Avoiding petty crime when traveling alone
The fact is that if you travel alone you are probably more likely to be a victim of petty crime. When you travel with someone there is generally less risk.
Don't be put off traveling alone though. By employing a few streetwise moves you can make yourself less ripe for picking by the petty criminal.
Petty crime, particularly those involving tourists, is a growing worldwide problem. Petty crime against solo travelers is also becoming an increasing issue. A stolen passport or wallet can sometimes signal the end of a trip or ruin a whole holiday.
Indeed the most stolen items are cash, credit cards, cameras then passports. With the growing gap between rich and poor in many countries it comes as little surprise that travelers are more often or not targets.
The tourism industry on the whole is not helping the situation. In order to protect their business the truth about levels of crime in certain destinations is often covered up. The glossy brochures are generally silent when it comes to crime.
There are of course different types of crimes against solo travelers. There is the run of the mill wallet snatching to the well rehearsed scams. Scams are particularly prevalentin developing countries where opportunistic crimes seem to be more common in developed countries. Remember they can both happen anywhere.
Another crime that is common is extortion. Tuk Tuk drivers in Bangkok may ask for an inflated fare or security guards in Latin America may ask for money to protect your vehicle.
OK there is some sobering finds here but it is not all bad news. Solo travelers can make a difference to their security and can avoid being victims.We have listed below some simple steps to follow in order to minimise the chances of being a vicitim of crime.
Check out your destination and do your own research
Use the Internet and guide books to read up on the country you are heading to. Most guidebooks such as the lonely planet has sections devoted to petty crime and things to watch out for.
Check out government web sites for statisticson crime as this will tend to be more accurate than independentsources.
Consider as well that some countries have higher petty crime rates. For instance countries such as Hong Kong and New Zealand are relatively petty crime free compared to the USA, UK, France and Australia.
The next group would include countries such as Italy, Spain, Israel and Thailand where more vigilance would be required.
Finally countries such as Brazil, South Africa and Indonesia would require much more vigilance.
The problem with generalising about a country is that it will often depend where you are. For instance London would be considered much less safe than Cornwall. As would New York compared to a mid-west college town.
Split up your credit cards and cash
When traveling the golden rule is to split up credit cards, cash, travelers checks and bank cards as much as possible. If you leave your hotel room or hostel make sure there is an even split between what is in there and what is on your person.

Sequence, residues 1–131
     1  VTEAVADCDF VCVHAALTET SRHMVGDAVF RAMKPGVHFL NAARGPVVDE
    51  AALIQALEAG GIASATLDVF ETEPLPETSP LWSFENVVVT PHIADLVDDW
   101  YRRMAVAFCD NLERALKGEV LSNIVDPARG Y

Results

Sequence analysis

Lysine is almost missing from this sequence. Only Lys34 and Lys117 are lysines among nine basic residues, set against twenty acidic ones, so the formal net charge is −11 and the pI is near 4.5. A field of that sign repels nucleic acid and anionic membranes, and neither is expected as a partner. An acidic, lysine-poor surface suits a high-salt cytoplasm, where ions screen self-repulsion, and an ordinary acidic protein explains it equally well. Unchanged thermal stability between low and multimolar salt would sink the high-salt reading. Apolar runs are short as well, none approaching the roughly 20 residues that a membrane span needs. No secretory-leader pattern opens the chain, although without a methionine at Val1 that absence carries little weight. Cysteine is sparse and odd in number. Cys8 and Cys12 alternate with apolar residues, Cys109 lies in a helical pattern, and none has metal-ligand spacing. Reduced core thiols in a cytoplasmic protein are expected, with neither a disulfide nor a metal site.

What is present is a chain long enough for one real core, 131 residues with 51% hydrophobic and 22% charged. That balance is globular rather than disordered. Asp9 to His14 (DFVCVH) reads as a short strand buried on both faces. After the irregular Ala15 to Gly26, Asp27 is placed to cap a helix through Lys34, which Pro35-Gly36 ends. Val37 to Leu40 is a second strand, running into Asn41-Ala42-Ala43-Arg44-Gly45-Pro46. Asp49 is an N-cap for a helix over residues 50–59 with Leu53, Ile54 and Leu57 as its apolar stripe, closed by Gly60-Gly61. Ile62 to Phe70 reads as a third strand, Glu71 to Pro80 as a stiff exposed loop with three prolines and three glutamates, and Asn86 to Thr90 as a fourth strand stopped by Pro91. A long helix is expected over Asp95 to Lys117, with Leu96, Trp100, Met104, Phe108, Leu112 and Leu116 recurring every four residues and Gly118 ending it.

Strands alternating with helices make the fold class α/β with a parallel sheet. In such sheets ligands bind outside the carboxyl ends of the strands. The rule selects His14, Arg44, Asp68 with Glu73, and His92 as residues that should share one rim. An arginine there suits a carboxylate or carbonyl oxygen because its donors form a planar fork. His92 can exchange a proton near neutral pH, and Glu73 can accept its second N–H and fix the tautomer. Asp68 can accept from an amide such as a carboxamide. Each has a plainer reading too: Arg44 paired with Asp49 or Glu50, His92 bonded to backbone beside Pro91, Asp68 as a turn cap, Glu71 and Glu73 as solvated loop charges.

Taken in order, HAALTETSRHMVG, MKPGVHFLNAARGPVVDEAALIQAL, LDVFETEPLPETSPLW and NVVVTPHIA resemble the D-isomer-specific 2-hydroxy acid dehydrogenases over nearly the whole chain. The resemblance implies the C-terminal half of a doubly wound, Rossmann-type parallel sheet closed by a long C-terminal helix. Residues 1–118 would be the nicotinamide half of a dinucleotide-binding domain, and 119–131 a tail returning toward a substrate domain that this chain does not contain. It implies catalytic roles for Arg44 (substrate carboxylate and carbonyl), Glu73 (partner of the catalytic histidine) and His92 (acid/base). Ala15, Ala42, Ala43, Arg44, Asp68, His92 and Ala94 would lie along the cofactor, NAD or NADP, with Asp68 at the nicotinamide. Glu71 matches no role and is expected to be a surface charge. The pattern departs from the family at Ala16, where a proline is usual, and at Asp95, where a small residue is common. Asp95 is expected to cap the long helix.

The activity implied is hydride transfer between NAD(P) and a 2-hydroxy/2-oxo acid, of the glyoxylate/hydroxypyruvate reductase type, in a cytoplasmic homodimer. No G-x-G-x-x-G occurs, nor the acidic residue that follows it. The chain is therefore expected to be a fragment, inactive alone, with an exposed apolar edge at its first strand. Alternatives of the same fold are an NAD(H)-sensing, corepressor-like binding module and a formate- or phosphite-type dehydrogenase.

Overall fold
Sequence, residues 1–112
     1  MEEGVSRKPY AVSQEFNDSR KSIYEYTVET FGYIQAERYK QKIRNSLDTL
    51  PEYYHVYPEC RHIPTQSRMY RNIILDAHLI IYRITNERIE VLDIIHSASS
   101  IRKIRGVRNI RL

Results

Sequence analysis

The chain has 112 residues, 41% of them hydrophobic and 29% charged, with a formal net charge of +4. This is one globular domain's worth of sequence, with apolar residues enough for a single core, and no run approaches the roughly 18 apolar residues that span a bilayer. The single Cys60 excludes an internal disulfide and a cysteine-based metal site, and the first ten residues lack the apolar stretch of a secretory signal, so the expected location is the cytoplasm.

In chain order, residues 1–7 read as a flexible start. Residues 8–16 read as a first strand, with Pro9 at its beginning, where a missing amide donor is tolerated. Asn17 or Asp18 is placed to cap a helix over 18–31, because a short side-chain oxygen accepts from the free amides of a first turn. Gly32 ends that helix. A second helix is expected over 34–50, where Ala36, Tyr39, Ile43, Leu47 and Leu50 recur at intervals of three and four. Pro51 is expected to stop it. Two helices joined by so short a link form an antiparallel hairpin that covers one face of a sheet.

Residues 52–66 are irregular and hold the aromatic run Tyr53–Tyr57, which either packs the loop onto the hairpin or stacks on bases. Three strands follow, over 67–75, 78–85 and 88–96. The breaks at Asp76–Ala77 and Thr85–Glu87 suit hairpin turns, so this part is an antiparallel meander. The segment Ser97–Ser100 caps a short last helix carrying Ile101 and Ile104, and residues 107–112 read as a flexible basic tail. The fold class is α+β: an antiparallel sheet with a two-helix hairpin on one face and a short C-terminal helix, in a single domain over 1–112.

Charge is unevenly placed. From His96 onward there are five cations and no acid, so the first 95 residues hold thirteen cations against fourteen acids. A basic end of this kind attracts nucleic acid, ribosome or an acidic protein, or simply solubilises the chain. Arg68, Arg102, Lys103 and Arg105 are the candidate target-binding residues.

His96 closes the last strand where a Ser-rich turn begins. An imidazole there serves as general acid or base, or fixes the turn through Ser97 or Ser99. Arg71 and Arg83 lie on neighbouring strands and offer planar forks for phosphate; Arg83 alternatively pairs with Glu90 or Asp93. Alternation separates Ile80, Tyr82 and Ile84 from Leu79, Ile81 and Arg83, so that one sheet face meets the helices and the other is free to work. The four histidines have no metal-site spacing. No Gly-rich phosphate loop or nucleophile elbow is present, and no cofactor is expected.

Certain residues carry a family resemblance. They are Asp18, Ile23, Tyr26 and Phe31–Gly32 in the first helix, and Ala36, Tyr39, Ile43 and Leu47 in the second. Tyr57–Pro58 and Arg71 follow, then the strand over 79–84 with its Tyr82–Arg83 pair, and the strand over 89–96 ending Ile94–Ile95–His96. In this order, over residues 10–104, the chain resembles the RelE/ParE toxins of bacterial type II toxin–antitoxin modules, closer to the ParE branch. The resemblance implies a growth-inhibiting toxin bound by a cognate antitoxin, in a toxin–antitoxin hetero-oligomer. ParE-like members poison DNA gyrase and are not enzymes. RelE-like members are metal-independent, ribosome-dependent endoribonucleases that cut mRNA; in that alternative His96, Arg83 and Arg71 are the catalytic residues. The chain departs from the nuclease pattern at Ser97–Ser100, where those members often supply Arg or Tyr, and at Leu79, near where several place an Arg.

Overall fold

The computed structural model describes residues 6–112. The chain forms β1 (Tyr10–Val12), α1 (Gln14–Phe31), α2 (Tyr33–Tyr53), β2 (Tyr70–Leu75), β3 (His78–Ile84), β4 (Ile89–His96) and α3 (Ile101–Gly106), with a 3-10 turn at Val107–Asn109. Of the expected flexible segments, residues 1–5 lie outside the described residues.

The bottom line is that it is highly unlikely that your room and your person will be fleeced at the same time.
Always consider as well the worst case scenario. If you have everything on you and it all gets taken then this is bad news. By photocopying your passport and other important documents and splitting up your means of accessing money then you will lessen the impact of a theft.
Keep valuables hidden away and try to keep things in your sight
This is especially important if you are traveling alone. Try not to walk about with you backpack way behind you with pockets hanging open. Remember you are on your own with no one to look out for you.
Of course flaunting wealth when you are traveling will make you a target.
Be wary of people coming up to you
In many big cities in Asia you maybe approached by someone asking where you are from etc. Maybe they have a sister who studies English and would like you to meet them. They may have studied at a university near you.
Unfortunately when you travel alone you have to be wary of people and trusting someone you have just met is a risky business. This is a shame because part of traveling alone is meeting people and you may miss out on some great experiences but you have to remember that personal safety is the most important thing.
Taxis and cabs
When you travel alone the number one rule is to only get into licensedcabs. If you are not sure about the validity of the licence then take another one.
Rather than flagging down a cab you may wish to call one from a known company.
Reporting crime while you are traveling
Finally if you are the victim of crime make sure you report it. Many popular destinations have Tourist Police who generally speak good English and will be able to help you fill out the necessaryforms for travel insurance purposes.
Try not to be too paranoid when you travel alone and don't be put off going somewhere unless you have serious concerns. There is always the option of meeting other travelers as well.